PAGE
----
The Protein Man's Blog | A Discussion of Protein Research

The Role of LDH in Cellular Cytotoxicity

Posted by The Protein Man on Jan 7, 2020 2:30:00 PM

Analyzing the effects of necrosis and apoptosis is a vital component of biological research. Although there are numerous assays to detect apoptosis, there are significantly fewer assays available to measure necrosis. The release of LDH is a beneficial method for detecting necrosis, especially when combined with cellular cytotoxicity.

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Topics: Apoptosis Assays, Cytotoxicity Assays

Basics of Using Cytology for Cancer Testing

Posted by The Protein Man on May 1, 2018 2:30:00 PM

Aside from tissue biopsy, cytology serves as an indispensable tool in screening and diagnosing cancer. In this technique, a cytological material is obtained from the patient, spread onto glass slides for microscopic examination, stained, screened for abnormalities and assessed prior to the issuance of a final report. Cytology differs from histology in that the sample usually consists of a suspension of cells whereas histology samples are usually sections of actual tissue. For example; a Gill’s hematoxylin single strength formulation would be much better suited for cytology, whereas a triple strength formulation would be better for tissue sections.

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Topics: Cytotoxicity Assays

MTT Assay for Cytotoxicity

Posted by The Protein Man on Jan 30, 2018 2:30:00 PM

Tetrazolium reduction assays are characterized by reduction of various tetrazolium analogs (MTT, MTS, XTT, WST-1, and INT) and quantification of the subsequent color change. The MTT (3-(4,5-dimethylthiazol-2-yl)-2,5-diphenyltetrazolium bromide) assay was originally developed as an alternative to the radioactive thymidine incorporation assay. It was one of the first assays to be developed for the 96-well plate format intended for high throughput screening in 1983 by Tim Mossman. The MTT assay differs slightly from the radioactive thymine incorporation assay as the MTT assay measures the cell viability of a solution as opposed to cell proliferation. This assay is therefore is an incredibly useful tool in determining drug cytotoxicity or differentiating between multiple cell lines.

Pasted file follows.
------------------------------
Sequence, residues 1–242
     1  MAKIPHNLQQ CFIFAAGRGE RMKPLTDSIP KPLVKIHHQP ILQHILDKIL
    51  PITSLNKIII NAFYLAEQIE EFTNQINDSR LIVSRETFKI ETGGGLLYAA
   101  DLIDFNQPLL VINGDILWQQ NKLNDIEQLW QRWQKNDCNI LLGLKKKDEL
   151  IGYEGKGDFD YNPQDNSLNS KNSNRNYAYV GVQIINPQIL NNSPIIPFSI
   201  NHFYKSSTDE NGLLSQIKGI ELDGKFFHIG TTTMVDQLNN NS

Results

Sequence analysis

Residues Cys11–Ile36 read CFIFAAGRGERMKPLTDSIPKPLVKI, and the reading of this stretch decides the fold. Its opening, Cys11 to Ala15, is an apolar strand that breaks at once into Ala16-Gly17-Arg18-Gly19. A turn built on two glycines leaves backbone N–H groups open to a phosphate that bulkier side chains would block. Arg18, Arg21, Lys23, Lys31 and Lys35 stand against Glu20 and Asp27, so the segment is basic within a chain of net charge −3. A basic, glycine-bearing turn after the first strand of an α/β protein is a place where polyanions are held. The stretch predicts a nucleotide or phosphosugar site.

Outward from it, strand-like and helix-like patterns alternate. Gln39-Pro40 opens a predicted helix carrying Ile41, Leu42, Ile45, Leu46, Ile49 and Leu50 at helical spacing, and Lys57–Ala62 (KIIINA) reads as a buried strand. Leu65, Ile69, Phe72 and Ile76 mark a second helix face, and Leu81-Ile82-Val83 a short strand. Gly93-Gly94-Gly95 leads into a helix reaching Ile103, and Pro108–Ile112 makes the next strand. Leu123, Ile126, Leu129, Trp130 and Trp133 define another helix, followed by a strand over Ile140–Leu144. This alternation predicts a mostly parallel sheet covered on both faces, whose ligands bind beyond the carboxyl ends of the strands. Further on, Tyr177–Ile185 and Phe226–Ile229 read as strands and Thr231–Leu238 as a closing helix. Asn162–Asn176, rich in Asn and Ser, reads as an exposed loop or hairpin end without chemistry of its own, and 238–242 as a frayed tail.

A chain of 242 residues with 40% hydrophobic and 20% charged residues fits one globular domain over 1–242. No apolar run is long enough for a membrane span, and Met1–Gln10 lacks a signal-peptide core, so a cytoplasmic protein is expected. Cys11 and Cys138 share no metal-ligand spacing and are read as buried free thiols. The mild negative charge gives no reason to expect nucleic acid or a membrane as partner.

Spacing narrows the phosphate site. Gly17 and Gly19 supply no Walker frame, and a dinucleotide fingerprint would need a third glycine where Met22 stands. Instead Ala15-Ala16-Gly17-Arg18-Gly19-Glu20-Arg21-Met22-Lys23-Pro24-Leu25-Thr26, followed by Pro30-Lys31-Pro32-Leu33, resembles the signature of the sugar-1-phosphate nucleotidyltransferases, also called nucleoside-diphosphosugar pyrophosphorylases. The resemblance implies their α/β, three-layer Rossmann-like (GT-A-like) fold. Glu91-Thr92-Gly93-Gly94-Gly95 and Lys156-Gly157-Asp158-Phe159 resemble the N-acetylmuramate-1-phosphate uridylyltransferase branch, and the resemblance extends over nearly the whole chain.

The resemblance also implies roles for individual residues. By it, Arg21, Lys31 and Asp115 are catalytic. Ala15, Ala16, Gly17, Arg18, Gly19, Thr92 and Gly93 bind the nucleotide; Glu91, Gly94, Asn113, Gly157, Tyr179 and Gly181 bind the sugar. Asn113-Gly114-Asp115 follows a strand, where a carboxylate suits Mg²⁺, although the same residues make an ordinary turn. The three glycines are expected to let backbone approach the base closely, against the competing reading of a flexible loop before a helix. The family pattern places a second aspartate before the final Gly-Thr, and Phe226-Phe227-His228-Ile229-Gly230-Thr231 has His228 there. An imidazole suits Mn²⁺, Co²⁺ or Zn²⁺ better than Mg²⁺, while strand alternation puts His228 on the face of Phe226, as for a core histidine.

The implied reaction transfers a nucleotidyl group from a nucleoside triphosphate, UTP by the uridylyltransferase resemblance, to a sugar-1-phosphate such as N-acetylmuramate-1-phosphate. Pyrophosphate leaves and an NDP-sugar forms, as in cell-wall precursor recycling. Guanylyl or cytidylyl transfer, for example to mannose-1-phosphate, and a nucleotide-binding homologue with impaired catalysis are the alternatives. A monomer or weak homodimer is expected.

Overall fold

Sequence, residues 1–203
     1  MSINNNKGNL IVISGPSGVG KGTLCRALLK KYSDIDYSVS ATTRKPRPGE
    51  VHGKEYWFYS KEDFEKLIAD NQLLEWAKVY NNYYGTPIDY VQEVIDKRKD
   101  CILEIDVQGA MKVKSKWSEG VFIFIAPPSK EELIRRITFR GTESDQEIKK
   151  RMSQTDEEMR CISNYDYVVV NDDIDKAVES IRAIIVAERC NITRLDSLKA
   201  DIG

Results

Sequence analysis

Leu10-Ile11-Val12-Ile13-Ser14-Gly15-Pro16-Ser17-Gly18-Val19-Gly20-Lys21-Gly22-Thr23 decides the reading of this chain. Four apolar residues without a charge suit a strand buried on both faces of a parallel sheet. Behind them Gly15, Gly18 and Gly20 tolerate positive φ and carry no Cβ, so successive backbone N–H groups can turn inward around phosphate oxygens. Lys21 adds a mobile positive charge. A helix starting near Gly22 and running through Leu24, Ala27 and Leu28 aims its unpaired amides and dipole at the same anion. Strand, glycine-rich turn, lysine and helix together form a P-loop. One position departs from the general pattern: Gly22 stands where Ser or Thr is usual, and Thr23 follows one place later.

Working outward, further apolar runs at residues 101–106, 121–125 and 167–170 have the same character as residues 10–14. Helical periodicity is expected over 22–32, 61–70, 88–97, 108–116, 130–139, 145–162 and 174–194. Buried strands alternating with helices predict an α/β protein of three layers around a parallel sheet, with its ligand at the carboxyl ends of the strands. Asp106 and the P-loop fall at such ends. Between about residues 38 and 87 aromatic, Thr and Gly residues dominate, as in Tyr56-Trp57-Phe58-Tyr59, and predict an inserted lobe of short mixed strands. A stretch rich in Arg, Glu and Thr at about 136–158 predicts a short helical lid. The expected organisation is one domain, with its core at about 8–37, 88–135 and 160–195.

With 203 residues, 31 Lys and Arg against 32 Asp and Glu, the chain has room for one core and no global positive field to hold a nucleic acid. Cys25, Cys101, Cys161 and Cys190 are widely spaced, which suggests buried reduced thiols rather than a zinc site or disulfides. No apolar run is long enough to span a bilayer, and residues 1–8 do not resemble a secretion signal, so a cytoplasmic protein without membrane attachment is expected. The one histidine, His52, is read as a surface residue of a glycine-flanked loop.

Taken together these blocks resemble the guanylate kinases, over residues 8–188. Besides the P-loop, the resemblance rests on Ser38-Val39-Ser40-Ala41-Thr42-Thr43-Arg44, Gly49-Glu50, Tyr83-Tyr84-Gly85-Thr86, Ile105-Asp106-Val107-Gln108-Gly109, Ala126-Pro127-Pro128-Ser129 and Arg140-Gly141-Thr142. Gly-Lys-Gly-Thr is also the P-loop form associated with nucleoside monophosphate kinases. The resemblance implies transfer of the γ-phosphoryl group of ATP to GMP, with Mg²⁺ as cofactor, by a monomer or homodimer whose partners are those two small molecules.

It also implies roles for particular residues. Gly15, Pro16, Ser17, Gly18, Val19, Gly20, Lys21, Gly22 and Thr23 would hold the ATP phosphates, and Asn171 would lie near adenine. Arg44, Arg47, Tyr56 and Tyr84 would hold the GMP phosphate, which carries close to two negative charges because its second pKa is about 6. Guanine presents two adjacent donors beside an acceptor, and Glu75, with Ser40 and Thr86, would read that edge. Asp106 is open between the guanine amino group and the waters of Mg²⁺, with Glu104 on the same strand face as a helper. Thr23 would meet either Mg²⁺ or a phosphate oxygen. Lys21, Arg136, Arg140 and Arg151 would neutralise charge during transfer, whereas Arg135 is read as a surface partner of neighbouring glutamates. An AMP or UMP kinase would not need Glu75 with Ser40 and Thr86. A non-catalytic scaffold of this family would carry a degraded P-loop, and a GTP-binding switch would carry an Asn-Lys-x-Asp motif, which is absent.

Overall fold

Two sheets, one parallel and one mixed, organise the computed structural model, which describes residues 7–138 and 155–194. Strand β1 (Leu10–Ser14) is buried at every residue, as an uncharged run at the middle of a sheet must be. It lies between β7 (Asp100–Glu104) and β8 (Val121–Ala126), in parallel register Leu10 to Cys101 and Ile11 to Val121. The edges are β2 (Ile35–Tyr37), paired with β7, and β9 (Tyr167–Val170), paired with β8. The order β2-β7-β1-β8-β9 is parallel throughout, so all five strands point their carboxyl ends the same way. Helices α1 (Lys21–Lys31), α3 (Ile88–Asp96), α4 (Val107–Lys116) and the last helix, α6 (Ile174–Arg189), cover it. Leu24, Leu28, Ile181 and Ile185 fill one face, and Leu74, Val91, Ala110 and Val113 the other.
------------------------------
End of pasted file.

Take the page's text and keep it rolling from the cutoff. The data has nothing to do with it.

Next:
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Topics: Cytotoxicity Assays

Role of reporter genes to assay for transcription factors & more

Posted by The Protein Man on Oct 3, 2017 2:30:00 PM

Reporter Gene Assays and their applications

Reporter gene assays are paramount for study of regulation of gene expression by gene regulatory elements (cis-acting factors), transcription factors or exogenous regulators (trans-acting factors). In reporter gene assays, the activity of a reporter gene is measured. A reporter gene is joined to a target regulatory DNA sequence in an expression vector, which is then transfected into the cell type of choice. The reporter gene is transcribed and translated in the cells and its activity is measured to access the strength or function of the target regulatory DNA sequence or study effects of transcription factors or potential drugs etc.

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Topics: Cytotoxicity Assays

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